Cryptocurrency is fast-paced, volatile, and not for the faint of heart. Forks, suspended forks, and massive code bugs can all happen within literal weeks of one another. Such developments can feel overwhelming, and may make the space look unattractive to many. However, before both crypto-enthusiasts and skeptics cast judgement on the crypto space, it may be worth noting that such chaos is not unique to crypto. At. All.

Flaws in this sector Make Great Headlines

Sensationalist headlines grab clicks and reads. Naturally, those are amplified when the subject matter is something much of the traditional media enjoys ridiculing or spreading FUD about like cryptocurrency.

Specifically, I want to focus on the Parity bug that was recently revealed. Already, news outlets have picked this story up, and the narrative that cryptocurrency isn’t safe is gaining a lot of steam. Do not mistake me, this is a huge bug that needs proper attention to fix, but we cannot immediately point to this as “proof” that cryptos are unsafe.

When faced with the flaws inherent in a new and disruptive system, we need to keep in mind that our traditional, familiar systems experience these and worse problems even more frequently. Whether or not their frequency is due to wider adoption is up for debate; however, the shortcomings themselves cannot be denied.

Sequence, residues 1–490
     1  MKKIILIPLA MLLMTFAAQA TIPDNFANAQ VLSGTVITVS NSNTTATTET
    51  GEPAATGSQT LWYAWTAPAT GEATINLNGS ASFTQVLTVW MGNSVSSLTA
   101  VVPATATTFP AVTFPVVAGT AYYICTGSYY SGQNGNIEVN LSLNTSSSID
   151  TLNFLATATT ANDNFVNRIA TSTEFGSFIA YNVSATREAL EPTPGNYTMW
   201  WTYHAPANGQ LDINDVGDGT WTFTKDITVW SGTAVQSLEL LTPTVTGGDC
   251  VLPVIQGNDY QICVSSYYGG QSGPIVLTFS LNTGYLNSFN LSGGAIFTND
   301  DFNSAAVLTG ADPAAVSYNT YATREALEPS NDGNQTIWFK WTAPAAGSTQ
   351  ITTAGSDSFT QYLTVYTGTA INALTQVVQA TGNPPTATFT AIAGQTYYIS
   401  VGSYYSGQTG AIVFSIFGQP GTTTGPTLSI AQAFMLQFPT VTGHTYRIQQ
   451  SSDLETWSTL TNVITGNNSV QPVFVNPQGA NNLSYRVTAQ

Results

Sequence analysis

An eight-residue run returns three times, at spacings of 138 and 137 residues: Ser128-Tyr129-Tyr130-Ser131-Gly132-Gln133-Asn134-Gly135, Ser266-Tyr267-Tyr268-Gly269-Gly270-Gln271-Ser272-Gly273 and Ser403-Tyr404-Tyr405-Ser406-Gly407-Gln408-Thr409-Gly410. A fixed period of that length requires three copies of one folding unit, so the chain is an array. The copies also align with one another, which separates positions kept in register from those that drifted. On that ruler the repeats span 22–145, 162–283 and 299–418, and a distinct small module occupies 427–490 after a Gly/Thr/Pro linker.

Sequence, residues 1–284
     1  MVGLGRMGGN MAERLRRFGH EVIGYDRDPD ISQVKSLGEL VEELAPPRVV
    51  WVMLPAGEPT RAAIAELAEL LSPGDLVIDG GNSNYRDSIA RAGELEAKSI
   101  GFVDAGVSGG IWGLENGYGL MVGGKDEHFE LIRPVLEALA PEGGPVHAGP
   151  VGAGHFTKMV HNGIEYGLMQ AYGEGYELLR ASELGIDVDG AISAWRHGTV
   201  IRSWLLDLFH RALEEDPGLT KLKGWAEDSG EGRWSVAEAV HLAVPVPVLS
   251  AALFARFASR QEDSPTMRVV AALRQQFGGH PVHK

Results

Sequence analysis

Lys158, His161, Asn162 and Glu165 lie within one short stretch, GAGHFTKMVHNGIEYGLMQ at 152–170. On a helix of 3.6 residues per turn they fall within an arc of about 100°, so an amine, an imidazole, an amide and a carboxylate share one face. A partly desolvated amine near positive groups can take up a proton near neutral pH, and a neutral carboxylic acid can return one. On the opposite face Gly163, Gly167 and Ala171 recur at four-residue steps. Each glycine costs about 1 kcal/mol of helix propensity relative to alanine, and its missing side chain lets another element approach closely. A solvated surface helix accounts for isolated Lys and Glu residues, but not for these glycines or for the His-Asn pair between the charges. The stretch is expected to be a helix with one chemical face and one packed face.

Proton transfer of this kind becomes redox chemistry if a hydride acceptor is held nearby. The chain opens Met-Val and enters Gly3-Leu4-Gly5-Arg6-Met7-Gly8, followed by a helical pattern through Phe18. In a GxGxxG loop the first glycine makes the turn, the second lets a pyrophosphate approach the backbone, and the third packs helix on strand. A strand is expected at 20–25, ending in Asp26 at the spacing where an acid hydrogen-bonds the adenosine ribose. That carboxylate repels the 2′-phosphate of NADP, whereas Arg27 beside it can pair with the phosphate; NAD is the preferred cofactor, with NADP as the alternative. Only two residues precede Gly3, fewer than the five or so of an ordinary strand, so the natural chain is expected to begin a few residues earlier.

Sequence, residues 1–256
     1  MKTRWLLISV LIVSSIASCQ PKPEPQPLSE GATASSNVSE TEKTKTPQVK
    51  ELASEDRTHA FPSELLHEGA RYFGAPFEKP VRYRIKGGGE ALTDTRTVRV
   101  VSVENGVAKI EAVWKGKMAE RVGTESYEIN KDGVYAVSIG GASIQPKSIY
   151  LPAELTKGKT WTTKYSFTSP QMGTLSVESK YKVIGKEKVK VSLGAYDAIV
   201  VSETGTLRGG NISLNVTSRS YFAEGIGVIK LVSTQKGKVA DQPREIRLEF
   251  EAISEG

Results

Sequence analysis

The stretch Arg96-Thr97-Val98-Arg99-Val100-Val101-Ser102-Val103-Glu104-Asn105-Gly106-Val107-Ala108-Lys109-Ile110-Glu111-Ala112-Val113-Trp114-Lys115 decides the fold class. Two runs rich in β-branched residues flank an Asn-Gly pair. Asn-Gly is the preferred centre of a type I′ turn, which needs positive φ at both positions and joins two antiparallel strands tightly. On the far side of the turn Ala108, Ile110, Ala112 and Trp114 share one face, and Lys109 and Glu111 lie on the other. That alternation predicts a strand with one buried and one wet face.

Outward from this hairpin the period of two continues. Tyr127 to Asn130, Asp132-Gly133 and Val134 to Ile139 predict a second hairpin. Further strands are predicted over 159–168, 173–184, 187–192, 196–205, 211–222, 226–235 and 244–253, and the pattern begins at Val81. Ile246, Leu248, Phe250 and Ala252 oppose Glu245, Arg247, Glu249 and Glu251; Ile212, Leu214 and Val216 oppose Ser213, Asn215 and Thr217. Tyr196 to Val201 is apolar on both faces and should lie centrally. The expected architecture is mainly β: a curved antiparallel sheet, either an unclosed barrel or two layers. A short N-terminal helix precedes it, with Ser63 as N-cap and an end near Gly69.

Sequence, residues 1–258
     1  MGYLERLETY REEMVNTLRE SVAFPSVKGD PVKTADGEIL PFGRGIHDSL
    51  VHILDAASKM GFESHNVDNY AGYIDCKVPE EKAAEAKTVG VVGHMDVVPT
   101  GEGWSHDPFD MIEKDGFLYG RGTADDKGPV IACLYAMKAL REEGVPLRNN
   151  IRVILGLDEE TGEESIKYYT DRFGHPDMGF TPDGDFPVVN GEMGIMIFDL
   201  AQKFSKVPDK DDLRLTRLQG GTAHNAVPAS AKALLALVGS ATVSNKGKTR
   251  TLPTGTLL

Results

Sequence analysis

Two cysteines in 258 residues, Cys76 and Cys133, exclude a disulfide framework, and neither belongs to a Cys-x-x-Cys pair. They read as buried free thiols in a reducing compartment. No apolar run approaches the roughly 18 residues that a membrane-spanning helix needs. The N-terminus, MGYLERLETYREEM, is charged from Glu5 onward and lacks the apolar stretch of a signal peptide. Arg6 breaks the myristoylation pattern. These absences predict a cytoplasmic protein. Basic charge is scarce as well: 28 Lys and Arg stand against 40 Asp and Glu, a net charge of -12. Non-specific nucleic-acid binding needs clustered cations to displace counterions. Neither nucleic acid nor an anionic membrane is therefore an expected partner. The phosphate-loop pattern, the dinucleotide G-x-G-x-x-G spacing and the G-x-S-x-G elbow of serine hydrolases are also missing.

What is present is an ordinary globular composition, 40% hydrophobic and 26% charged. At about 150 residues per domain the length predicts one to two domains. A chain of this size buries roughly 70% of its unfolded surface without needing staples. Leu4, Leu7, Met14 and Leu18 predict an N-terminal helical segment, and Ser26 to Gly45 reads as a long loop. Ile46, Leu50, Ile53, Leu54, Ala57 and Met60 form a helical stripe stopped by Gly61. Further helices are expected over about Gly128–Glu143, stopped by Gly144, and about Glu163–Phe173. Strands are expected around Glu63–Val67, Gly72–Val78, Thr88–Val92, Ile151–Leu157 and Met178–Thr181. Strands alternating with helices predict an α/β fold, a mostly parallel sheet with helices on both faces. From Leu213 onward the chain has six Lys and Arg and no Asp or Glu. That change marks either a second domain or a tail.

For example, there have been multiple instances this year alone of poor paper trails leading to losses in the traditional sector. One that I find particularly chuckle-worthy is the disappearance of some student loans. As paperwork goes missing, so too does any record of loans outstanding or even being issued. The same has happened with titles in the past, and just money in general. This is not unique to crypto.

Bad actors also operate outside the crypto space, despite what some press reports may lead you to believe. Some of the first monetary attackers were known as thieves. Surprisingly, they got their start outside of the cryptocurrency space (please forgive my sarcasm).

However, cryptocurrency is not the first disruptive technology to have received a bad rap from the media. Not 25 years ago, the Internet was just getting started. While it still is sensationalized, it has largely shaken its reputation as a place solely for antisocial people. That media trope flared up during the dotcom bubble burst, but has since largely subsided.

What I am hoping to impart here is that cryptocurrency is new, and certainly flawed in some respects – so is everything else. More importantly, as crypto remains in the spotlight longer, it will receive less negative attention. So while today’s mainstream media seems to heavily favor publishing negative stories about cryptocurrency, we should not assume that is how it will always be.

Moreover, the onus of propagating a more favorable light for cryptocurrency in the media falls party on the community. We need to be vocally critical of sources bemoaning the use of cryptocurrency or those that only publish the negative aspects of this new form of money. Furthermore, we must engage with members of our own community with whom we may disagree in a constructive and productive matter.